The Rise of Silas Lapham

The Rise of Silas Lapham Themes

Social Standards, Manners, and Decorum

Social standards in Howells' novel revolve around knowing what clothes to wear, where to travel during the holiday season, and the topics to approach in a dinner party setting. The Coreys represent how one should act, and the Laphams represent naiveté of the rules and ignorance of how one should not act. For example, instead of a fashionable holiday home in a faraway destination, the Laphams own a humble cottage in nearby Nantasket. At the Coreys' dinner party, Silas spends an embarrassingly long time researching whether to wear gloves, eventually deciding to and ending up with hands like "canvassed hams" before taking them off in shame when he sees Tom Corey is gloveless (188). Later at the party, Silas gets drunk for the first time in his life and acts inappropriately in his interactions with higher-class gentlemen. Still, despite being clueless to the Boston standards that their newfound money subjects them to, the Laphams are fundamentally good in moral standards. This might be contrasted with the initial behavior of Bromfield and Anna Corey, who act coldly and condescendingly towards the Laphams in the name of appearing properly in the public eye. Howells therefore suggests that upholding social standards is sometimes not as important as doing the right thing, as is further evidence by the eventual yielding of the Coreys to Tom's legitimate love interest in Penelope.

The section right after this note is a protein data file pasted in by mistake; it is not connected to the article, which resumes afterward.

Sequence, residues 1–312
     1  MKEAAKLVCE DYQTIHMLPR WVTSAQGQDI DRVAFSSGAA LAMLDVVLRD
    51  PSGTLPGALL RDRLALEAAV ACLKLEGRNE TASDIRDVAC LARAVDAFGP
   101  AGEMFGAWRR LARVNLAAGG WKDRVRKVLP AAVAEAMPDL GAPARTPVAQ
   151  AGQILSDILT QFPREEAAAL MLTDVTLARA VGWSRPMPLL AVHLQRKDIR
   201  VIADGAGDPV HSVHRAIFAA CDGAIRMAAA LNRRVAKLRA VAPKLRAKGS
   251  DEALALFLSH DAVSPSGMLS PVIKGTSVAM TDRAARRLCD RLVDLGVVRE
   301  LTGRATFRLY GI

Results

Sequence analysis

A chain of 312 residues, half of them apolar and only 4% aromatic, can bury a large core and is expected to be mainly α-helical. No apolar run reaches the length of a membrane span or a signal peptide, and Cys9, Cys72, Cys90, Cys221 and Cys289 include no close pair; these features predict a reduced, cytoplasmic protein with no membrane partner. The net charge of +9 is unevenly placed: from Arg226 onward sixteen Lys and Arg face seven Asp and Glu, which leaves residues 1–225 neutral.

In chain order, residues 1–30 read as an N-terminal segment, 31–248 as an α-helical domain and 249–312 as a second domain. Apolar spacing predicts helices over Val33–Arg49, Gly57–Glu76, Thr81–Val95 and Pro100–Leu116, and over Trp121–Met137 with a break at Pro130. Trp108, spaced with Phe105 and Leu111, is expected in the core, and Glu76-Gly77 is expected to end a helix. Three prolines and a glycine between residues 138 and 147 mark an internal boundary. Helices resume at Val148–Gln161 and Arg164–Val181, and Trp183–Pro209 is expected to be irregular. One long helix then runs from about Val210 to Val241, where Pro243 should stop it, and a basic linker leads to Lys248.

Chance, Will, Fate, and Luck

Howells' novel embodies traits of Literary Realism, as opposed to the Romantic genre that was also popular during the Victorian era. In Romantic fiction, most events seem to be connected as if by destiny in a manner that produces outcomes unrealistically ideal, both positive and negative. In Howells' novel, on the other hand, many events all independently contribute to Silas' downfall, but many of these events occur by accident and are not linked to or dependent on one another. For example, the interest of the G., L., and P. Railroad in buying out the milling properties and the burning of the house on Beacon Street seem to happen purely by chance, catching Silas off guard but nonetheless significantly shaping his destiny. One positive accident that has the opposite effect is the very discovery of paint on the family property that catapulted Silas into wealth and high society. At the same time, however, Silas and others claim that a great deal of the things in the novel are accomplished by will and self-discipline. Silas says as much about his business successes after discovering the paint, for example. Consider also how Penelope tries to will herself out of love with Tom for Irene's sake, only to realize that this is a futile exercise. For Howells, then, the dynamic interplay between will and chance—as well as people's self-inflated sense of free will or discipline—is perhaps a way of truthfully reflecting reality as significantly influenced by chance and independent events. This interplay comes out especially strong at the novel's end, when Silas asks Reverend Sewell if he thinks that all the trouble with Rogers might have been set up from his initial mistreatment of Rogers as a partner.

Love and Courtship